Tuesday, October 12, 2021

That'll tell 'em

I recently saw this bridge in Lisburn, Northern Ireland - you have to ask: how big does this sign have to be? I can imagine each time it's hit, they make a new sign, each one bigger than the last.

The problem is that all communication requires a contribution by the reader. On your day off, driving your car, this sign does not address you. But if you forget that you're driving a double decker bus, it doesn't matter how big the sign is. It's all about relevance.

Thursday, August 12, 2021


In a taxi in Istanbul a year or two back I was impressed by the driver’s light (and more or less constant) touch on the horn. He was able to produce a light toot as a gentle prod, or a savage blast when necessary.

I’ve long wanted a set of horn buttons - a gentle toot to say hi to a friend I’ve spotted, or ‘I’m outside your house’. A klaxon to say ‘Oi, you just cut me up’, a loud but cheery one to say ‘watch out I’m coming round the corner’. 

Now Ineos have done exactly this on their new off-roader, the Grenadier. Brilliant.

But I still want some drum pads on the steering wheel to play along with the radio.

Monday, May 31, 2021

RIP Ken Garland


Ken Garland has died at the age of 92. I had this copy of his Graphics Handbook while still at school and was delighted to find him as a tutor when I went to study typography at Reading. According to Jonathan Bell's obituary just published in Wallpaper, this would have been his first year there, in 1971. I think it was Ken's concern for communication, not ornament, that sent me in the direction of information design, and I took his 1964 First Things First manifesto seriously: "We hope that our society will tire of gimmick merchants, status salesmen and hidden persuaders, and that the prior call on our skills will be for worthwhile purposes." 

Flicking through his collection of articles and lecture notes, A word in your eye, I recall how good a writer he was. There are subtle and appreciative obituaries there of Henry Beck, Alfred Wainwright, Anthony Froshaug and Ernest Hoch, beautifully observed, and I hope someone more capable than me will write one as good for him. Ken was hugely supportive during some difficult times following the launch of Information Design Journal, and I feel very lucky to have known him and to have been taught by him, and that my career took its direction from his ideals.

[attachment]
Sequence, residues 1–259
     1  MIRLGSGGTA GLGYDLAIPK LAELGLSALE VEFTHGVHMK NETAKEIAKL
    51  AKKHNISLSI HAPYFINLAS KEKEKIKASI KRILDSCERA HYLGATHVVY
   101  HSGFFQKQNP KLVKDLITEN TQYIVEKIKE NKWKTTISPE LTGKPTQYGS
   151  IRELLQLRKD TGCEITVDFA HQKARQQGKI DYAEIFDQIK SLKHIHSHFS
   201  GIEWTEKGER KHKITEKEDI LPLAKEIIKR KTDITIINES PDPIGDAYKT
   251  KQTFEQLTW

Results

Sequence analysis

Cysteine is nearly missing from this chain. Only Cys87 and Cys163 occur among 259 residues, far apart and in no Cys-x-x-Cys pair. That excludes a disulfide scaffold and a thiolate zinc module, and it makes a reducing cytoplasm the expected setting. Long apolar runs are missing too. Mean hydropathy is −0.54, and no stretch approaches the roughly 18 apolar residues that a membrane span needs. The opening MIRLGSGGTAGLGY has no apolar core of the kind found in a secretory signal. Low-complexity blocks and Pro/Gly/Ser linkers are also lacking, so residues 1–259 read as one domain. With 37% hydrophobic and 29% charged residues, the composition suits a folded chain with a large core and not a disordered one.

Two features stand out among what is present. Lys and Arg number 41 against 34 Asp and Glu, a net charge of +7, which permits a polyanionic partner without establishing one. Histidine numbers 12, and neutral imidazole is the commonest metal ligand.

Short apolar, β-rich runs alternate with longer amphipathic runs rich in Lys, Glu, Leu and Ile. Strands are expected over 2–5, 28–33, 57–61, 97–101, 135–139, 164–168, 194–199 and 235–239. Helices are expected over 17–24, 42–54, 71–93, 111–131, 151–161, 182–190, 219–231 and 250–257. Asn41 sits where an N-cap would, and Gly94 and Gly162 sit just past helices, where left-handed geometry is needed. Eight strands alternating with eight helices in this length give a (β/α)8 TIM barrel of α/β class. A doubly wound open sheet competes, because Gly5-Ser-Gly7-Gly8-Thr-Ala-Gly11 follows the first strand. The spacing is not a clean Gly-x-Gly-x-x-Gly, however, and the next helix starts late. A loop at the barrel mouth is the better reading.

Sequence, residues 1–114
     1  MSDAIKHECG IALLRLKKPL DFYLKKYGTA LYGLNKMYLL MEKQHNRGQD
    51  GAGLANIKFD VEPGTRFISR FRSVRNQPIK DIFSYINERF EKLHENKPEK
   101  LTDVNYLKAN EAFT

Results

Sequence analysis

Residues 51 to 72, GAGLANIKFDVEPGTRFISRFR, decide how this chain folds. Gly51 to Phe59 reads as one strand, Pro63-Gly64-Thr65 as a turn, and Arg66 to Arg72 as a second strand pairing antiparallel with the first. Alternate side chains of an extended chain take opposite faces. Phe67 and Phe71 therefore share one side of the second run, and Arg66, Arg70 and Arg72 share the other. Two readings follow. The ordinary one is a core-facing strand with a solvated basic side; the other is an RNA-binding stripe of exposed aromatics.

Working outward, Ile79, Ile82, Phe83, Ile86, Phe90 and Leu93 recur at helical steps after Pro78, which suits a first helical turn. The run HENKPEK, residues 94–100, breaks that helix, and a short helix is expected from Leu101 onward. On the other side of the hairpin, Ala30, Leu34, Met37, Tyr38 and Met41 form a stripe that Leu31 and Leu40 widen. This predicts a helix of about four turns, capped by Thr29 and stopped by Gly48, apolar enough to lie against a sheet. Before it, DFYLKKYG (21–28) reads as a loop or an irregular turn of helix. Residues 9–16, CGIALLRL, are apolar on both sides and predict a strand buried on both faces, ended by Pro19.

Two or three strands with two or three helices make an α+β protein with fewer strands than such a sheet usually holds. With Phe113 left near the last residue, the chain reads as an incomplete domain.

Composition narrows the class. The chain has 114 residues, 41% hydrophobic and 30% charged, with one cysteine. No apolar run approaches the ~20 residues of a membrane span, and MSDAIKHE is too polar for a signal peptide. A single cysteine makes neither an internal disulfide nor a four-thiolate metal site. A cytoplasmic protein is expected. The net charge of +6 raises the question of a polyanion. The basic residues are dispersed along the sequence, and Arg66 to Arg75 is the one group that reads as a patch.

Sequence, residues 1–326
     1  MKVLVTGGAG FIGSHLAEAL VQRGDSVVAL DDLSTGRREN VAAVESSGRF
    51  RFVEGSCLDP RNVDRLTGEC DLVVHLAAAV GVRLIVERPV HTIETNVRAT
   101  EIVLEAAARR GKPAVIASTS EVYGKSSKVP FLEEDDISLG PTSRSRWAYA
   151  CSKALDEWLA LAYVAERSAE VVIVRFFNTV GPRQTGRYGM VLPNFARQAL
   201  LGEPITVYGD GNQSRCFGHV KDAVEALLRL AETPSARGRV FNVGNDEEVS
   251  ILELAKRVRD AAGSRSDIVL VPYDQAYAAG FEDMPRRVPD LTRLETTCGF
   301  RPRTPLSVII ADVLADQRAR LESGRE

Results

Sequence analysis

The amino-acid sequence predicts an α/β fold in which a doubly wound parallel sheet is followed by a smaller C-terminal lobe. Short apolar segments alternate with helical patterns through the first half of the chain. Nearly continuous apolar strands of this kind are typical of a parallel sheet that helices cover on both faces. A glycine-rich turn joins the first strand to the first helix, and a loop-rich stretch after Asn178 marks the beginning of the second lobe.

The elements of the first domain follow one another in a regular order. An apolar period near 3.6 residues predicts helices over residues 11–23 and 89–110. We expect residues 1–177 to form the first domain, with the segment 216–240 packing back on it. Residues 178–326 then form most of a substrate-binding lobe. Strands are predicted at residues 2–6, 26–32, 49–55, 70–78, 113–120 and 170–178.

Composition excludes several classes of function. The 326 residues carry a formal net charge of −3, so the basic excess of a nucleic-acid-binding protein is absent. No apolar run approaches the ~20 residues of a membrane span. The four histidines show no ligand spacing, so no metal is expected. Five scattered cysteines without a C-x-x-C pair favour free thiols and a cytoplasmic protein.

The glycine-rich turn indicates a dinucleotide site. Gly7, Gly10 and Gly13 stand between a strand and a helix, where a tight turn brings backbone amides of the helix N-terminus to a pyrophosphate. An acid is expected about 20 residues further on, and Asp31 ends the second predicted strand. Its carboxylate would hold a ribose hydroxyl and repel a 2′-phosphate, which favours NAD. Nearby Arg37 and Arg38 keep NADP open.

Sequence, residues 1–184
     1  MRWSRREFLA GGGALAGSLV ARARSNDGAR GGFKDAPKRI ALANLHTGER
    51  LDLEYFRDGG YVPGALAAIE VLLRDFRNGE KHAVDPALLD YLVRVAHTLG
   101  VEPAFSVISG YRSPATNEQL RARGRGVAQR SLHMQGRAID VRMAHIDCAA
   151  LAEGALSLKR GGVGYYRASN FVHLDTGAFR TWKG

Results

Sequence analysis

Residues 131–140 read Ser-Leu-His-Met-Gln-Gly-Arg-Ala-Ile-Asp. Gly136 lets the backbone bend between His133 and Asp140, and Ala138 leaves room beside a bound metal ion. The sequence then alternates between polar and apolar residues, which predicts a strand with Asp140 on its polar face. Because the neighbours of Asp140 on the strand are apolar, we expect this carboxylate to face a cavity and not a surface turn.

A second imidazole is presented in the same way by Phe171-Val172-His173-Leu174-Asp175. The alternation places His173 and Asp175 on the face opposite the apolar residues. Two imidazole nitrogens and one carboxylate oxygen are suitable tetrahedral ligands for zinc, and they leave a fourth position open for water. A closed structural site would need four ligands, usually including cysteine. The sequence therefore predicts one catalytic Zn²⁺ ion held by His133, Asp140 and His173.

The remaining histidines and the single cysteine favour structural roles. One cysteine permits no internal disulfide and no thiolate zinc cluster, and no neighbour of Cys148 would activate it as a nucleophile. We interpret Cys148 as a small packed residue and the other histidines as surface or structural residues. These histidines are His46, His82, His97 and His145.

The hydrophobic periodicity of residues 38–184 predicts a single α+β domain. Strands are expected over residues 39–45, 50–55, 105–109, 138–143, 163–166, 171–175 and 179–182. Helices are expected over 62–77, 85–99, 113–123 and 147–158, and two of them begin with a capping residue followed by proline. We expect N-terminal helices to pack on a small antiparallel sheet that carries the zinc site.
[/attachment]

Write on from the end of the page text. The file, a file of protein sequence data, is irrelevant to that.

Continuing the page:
Wednesday, March 31, 2021

Wednesday, January 20, 2021


This sign outside a church in Bath shows good design thinking. 

It's on a busy road but drivers might glance across.

We know it's a church. We know they meet on Sundays. The only thing that's worth saying legibly enough to be read at a glance is '10.30am'. And the sheer size of it gives a strong affordance of 'you're invited'.

Your call is important to them but they're busy helping other customers

After an awful customer service experience, you want to vent by writing it up on Trustpilot. But no one wants to read your fifty line rant.

So how about a simple scoring system, so you can say, for example:

"Cooperative Bank (to pick a brand at random... not really)
120 minutes time on phone
10 days to resolve my problem
225 Marks of Shame."

This way people would get a measure of the severity of distress caused but don’t have to relive it. The Marks of Shame would accumulate rather like the way they mark Olympic ice dancing, with each move given points for technical merit and artistic impression. For example, 

  • Each hour waiting on phone: 25 points
  • Each time The Four Seasons starts again: 10 points
  • etc... I'm sure you'll have your own favourites.
Addendum a week later: I've just remembered I blogged something similar a long time ago - it was a Beaufort scale for unclear documents. To remind you, the Beaufort scale describes wind force:

0. Calm. Ideas rise vertically from page to mind.
1. Light difficulty. Slower reading. Dictionary pages rustle.
2. Moderate difficulty. Reader lightly swaying; visible perplexity.
3. Difficulty. Head shaking, audible groaning.
4. Severe difficulty. Loud muttering, and music heard from helpline queue.
5. Very severe complexity. Foaming. Abrupt movement about room, with swearing.
6. Storm. Whole documents in motion, from table to floor.
7. Brainstorm. Considerable damage to conceptual structures.
8. Typhoo. Reader flattened in darkened room, with cup of hot sweet tea.

Tuesday, January 19, 2021

Throwing away the mail

I've just discovered the American poet Wendell Berry, who writes beautiful reflections on life, the countryside, the seasons, belonging. 

Throwing away the mail

Nothing is simple,
not even simplification.
Thus, throwing away 
the mail, I exchange
the complexity of duty
for the simplicity of guilt.

From The Peace of Wild Things, published by Penguin.